Low-dose oxycodone was found to be associated with increased risk for opioid-related adverse events compared with low-dose tramadol or hydrocodone, according to results of a study published in The Clinical Journal of Pain.
Investigators from the University of Arkansas for Medical Sciences used a 10% random sample from the IQVIA PharMetrics® Plus database for this study. Administrative health insurance claims between 2006 and 2020 were evaluated for opioid-related adverse events among adults who received tramadol, hydrocodone, and/or oxycodone for noncancer-related chronic back or joint pain. Outcomes of interest included overdoses, accidents, self-inflicted injuries, violence-related injuries, and opioid and nonopioid substance use disorders (SUDs).
A total of 1,062,167 individuals were included in the opioid-related adverse event analysis, among whom 61.1% initiated treatment with short-acting hydrocodone, 22.4% initiated treatment with short-acting oxycodone, and 16.5% initiated treatment with tramadol. A subgroup of 986,809 individuals were included in the substance use analysis, among whom 61.3% initiated treatment with short-acting hydrocodone, 22.2% initiated treatment with short-acting oxycodone, and 16.5% initiated treatment with tramadol.
The mean age of patients among all groups ranged from 47.4 to 49.7 years, approximately three-quarters had chronic osteoarthritis, and the average Charlson comorbidity index score ranged from 0.4 to 0.5.
The overall opioid overdose rate was 50.0 per 100,000 person-years (py). Stratified by opioid, the highest rates were observed among recipients of high-dose nontramadol combination medication (1385.4 per 100,000 py), followed by other opioids at high doses (928.2 per 100,000 py) and high-dose tramadol combination treatment (899.8 per 100,000 py) recipients. Among the low-dose groups, the highest overdose rate was observed for short-acting oxycodone (405.2 per 100,000 py), followed by hydrocodone (203.7 per 100,000 py) and tramadol (155.4 per 100,000 py).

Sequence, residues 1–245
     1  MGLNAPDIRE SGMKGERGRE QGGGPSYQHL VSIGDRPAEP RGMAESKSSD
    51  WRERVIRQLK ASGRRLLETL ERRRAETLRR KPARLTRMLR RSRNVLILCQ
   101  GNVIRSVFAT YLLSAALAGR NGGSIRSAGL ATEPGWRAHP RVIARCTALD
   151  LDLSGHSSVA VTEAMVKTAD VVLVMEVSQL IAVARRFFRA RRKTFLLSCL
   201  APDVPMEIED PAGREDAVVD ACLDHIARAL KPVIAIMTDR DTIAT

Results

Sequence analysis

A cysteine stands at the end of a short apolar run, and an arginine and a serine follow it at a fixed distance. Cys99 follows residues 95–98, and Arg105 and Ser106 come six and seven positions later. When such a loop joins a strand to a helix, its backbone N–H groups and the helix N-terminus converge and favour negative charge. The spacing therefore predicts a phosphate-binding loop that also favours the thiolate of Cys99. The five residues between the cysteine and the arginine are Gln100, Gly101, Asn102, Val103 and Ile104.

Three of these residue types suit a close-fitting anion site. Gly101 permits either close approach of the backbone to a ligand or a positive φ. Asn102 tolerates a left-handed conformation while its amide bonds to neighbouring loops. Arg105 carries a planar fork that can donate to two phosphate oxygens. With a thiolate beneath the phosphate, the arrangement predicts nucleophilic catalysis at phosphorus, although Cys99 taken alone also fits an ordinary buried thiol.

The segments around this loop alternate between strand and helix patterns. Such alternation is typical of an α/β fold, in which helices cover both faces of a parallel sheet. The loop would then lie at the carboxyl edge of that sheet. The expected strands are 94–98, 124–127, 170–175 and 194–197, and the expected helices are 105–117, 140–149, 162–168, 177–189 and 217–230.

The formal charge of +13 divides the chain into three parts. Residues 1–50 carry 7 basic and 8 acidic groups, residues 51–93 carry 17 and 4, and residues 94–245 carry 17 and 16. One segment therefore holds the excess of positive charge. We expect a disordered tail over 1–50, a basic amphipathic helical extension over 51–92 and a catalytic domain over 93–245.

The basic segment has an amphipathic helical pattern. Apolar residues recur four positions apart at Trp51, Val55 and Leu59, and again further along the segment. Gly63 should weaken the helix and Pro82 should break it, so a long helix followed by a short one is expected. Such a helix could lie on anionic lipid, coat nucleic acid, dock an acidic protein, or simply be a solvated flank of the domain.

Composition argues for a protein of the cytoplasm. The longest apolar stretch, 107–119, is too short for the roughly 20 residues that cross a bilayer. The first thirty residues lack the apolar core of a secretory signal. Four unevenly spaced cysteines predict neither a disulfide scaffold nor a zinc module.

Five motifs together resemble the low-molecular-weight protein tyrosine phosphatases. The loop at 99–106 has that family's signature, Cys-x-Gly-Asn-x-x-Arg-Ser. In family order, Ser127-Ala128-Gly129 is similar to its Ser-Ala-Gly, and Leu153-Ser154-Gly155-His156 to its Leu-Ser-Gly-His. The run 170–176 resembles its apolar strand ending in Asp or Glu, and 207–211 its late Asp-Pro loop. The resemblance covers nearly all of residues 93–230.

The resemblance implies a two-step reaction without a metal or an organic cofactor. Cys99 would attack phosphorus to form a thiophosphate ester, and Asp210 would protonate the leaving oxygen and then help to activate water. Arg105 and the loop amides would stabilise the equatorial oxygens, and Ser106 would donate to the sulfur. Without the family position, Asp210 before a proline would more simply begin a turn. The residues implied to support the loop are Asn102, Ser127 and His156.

Accidents occurred at a rate of 4086.4 per 100,000 py, self-inflicted injuries and poisoning occurred at a rate of 102.7 per 100,000 py, and violence-related injuries occurred at a rate of 74.1 per 100,000 py. The highest rates of accidents were associated with high-dose short-acting hydrocodone or high-dose tramadol combination treatment, the highest rates of self-inflicted injuries were associated with high-dose tramadol or nontramadol combination regimens, and the highest rates of violence-related injuries were associated with low-dose tramadol or nontramadol combination treatments.
The overall rate of opioid use disorder was 337.8 per 100,000 py, and the overall rate of nonopioid SUD was 3549.9 per 100,000. The highest risk for opioid use disorder was associated with high-dose nontramadol combination regimens among high-dose treatments (7564.2 per 100,000 py) and for low-dose nontramadol combination regimens among low-dose treatments (4191.9 per 100,000 py).
In general, high-dose opioids were associated with increased risk for adverse outcomes. In the fully adjusted analysis, low-dose short-acting oxycodone was associated with higher risk for opioid overdose (adjusted hazard ratio [aHR], 1.79), self-inflicted injury (aHR, 1.47), opioid use disorder (aHR, 1.47), and nonopioid SUD (aHR, 1.13); low-dose tramadol was associated with lower risk for accidents (aHR, 0.73), self-inflicted injuries (aHR, 0.75), and violence-related injuries (aHR, 0.55) compared with hydrocodone.
These findings may be limited by not adjusting for patient characteristics, which may affect opioid use outcomes.
Study authors indicate that exclusive use of low-dose oxycodone was found to increase the risk for adverse outcomes compared with other low-dose opioids among individuals with noncancer-related chronic pain. The study authors comment, “These findings confirm the well-established risks of prescribing higher opioid doses and suggest that tramadol at low doses have lower risk of opioid-related adverse outcomes than low dose oxycodone.”
Disclosure: One study author declared an affiliation with a biotech, pharmaceutical, or device company.
This article originally appeared on Clinical Pain Advisor
Acharya M, Hayes CJ, Li C, et al. Comparative study of opioid initiation with tramadol, short-acting hydrocodone or short-acting oxycodone on opioid-related adverse outcomes among chronic non-cancer pain subjects. Clin J Pain. Published online December 30, 2022. doi:10.1097/AJP.0000000000001093